The book, in its documentary section, includes many petitions to parliament in which the authorities from the countryside complain about the problem of the oláh Gypsies. In 1885 the deputy lieutenant from Veszprém County complained that the wandering Gypsies are a menace and that every village dreads their arrival. The Veszprém authorities, as so many others, asked the central government to put an end to Gypsy wandering. Easier said than done. The greatest complaint was that the oláh Gypsies steal and that when the police try to apprehend them they are prepared for an armed offensive against the police. Parliamentary members complained bitterly to the minister of the interior about the menace of these oláh Gypsies, but their complaints went unanswered. The problem continued into the twentieth century. By 1928 nomadic Gypsies were supposed to be arrested and taken to the nearest police station. Some of them were confined for awhile to houses of correction, but one couldn't keep them there indefinitely. As soon as they were released they went back to their accustomed lifestyles.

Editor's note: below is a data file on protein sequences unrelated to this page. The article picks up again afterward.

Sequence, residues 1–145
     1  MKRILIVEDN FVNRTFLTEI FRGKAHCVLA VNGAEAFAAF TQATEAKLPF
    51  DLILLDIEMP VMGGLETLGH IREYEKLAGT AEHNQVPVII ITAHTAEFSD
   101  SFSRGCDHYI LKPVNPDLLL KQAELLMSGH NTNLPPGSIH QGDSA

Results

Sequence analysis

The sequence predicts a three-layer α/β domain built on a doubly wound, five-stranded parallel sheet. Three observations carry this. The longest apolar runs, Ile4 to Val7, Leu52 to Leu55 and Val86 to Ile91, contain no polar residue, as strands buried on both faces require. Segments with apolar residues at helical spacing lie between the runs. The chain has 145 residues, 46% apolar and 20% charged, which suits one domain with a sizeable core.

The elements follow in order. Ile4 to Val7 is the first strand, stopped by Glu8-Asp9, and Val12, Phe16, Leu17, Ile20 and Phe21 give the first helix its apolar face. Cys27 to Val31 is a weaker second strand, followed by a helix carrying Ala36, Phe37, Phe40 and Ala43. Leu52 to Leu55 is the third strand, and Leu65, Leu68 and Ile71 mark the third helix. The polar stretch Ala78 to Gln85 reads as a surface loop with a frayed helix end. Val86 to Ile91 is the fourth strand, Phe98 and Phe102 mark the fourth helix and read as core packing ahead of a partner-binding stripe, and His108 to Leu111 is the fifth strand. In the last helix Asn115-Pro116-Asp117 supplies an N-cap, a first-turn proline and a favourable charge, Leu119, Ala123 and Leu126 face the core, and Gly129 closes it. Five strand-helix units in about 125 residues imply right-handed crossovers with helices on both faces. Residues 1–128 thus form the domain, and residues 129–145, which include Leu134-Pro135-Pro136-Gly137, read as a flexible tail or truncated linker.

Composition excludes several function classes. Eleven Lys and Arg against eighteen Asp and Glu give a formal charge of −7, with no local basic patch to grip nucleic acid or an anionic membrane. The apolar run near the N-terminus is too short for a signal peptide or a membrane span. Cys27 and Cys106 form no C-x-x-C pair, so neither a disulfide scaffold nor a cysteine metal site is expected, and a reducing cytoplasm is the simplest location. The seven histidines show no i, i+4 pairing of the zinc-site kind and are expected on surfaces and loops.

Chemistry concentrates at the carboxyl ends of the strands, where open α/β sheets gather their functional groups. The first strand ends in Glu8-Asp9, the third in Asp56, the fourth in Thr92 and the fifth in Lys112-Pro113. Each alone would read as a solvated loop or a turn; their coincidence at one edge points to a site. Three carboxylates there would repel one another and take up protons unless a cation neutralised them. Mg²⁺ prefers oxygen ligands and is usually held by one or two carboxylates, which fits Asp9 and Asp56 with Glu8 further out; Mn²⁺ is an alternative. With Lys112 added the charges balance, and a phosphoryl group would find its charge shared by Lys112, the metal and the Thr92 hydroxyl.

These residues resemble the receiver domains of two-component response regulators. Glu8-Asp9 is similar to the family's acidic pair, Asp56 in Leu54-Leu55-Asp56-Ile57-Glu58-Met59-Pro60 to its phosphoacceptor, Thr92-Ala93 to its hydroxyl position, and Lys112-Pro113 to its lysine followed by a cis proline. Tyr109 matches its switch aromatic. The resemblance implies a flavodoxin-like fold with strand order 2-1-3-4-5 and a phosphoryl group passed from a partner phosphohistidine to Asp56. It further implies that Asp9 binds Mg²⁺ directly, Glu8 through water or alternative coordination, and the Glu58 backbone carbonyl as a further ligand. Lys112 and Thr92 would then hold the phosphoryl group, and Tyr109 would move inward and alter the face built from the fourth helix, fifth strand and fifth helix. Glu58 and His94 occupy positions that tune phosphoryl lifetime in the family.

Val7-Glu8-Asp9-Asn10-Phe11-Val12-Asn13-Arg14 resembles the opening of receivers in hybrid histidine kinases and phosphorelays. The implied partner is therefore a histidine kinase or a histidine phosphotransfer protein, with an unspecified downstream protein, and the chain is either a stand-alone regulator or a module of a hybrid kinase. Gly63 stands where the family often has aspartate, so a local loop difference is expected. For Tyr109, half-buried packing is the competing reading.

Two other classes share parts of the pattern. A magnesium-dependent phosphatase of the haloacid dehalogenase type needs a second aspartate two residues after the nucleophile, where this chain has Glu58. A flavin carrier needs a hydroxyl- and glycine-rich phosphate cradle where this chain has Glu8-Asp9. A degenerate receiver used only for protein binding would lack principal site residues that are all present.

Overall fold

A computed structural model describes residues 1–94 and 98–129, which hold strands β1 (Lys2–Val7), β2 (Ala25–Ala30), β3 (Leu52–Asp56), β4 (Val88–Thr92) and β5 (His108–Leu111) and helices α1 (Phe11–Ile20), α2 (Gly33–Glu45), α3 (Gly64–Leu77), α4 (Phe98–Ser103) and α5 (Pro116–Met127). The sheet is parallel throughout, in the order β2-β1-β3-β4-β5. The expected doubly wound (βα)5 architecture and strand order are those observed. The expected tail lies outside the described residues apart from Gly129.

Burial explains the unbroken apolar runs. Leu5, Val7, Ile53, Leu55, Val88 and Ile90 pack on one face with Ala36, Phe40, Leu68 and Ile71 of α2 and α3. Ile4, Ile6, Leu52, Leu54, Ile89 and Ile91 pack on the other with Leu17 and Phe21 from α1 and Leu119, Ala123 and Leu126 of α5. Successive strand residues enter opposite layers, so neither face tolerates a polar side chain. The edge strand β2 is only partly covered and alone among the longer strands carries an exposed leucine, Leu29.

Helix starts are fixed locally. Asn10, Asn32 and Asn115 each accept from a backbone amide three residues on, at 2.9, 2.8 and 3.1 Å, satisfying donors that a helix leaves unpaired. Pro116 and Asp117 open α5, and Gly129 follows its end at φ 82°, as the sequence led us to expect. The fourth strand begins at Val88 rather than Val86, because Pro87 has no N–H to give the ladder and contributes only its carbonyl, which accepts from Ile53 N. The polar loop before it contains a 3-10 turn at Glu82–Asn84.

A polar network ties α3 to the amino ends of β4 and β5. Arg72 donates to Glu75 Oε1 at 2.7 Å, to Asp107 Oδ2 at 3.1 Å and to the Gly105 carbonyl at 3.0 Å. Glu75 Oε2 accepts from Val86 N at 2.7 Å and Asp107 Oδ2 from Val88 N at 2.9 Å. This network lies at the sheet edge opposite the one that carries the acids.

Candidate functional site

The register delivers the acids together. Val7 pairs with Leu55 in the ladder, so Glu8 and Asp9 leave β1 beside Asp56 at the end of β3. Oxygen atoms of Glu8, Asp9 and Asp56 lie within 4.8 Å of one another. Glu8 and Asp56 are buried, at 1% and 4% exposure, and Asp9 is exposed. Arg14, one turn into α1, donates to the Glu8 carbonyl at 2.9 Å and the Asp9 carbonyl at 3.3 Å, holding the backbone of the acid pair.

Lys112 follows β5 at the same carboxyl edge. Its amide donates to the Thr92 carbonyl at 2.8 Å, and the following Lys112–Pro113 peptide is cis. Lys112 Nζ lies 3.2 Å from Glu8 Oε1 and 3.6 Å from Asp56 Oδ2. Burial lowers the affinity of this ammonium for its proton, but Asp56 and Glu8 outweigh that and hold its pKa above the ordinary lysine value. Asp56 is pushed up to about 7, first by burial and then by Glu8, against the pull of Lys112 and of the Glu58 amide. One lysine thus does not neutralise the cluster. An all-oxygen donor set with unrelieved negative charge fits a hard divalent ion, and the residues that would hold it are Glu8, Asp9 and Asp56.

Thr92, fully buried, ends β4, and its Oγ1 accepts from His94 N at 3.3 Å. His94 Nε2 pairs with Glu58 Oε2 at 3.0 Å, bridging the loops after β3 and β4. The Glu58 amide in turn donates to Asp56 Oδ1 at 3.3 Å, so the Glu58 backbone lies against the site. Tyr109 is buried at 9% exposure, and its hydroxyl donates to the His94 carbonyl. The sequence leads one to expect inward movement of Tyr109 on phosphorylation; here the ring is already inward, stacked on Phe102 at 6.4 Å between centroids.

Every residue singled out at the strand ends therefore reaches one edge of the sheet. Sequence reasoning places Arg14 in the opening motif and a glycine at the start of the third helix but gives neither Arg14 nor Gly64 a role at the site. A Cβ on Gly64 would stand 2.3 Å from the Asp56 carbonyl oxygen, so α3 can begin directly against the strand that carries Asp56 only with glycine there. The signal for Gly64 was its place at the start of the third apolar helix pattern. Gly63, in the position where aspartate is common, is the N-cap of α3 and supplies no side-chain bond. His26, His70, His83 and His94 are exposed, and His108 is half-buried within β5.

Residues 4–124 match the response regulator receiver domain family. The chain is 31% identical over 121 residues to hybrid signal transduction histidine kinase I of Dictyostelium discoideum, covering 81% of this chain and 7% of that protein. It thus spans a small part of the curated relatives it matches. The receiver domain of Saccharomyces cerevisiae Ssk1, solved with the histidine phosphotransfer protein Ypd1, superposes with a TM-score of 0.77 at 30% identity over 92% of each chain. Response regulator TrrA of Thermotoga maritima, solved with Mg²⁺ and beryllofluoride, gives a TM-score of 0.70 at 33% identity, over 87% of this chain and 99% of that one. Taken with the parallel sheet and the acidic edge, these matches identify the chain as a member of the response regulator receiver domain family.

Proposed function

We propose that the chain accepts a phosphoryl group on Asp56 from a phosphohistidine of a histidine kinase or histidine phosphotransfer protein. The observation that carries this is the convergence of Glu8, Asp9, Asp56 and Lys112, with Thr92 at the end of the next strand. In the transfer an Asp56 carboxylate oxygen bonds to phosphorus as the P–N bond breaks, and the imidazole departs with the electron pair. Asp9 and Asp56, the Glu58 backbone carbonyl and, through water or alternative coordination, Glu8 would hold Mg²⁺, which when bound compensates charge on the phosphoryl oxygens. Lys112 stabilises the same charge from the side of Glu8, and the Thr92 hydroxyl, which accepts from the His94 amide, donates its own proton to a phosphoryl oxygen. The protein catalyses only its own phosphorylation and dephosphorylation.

The Kádár government was the first to address the problem of the Gypsy underclass in a serious way. In a socialist economy where there was virtually no unemployment Gypsies were embraced in the work force. But these efforts didn't improve Hungarian perceptions of Gypsies. And vaulting forward to 2009: the current anti-Gypsy sentiment is pretty alarming. According to the poll taken by Publicus/Progressive, 81% of the population is anti-Gypsy, and there is no great difference between those with an eighth-grade education and those with a college degree: 81% versus 76%. It doesn't make much difference whether a person considers himself a right-winger or a left-winger: 85% versus 79%. Eighty-two percent think that the Gypsies' problems would be solved if "at last they began working."
It easy to see that a political party can make headway with anti-Gypsy propaganda. Consider the recent success of Jobbik and the Magyar Gárda. Or think of Viktor Orbán's (undocumented) claim that the number of crimes committed by Gypsies has grown considerably.
The widespread prejudice against Gypsies is undoubtedly an impediment to improving their lot by way of affirmative action. As it now stands, the population thinks that too much money is spent on Gypsies who produce children only to be eligible for child support. Gypsy families indeed are very large, but this is the norm among underclass societies. I heard in today's news that the police force is seeking out Roma applicants. I seem to remember that earlier attempts were not successful, perhaps because the applicants couldn't meet the minimum standards. Hungarians have to learn that at the beginning the requirements must be lowered if they ever want to achieve integration and peace between Gypsies and non-Gypsies.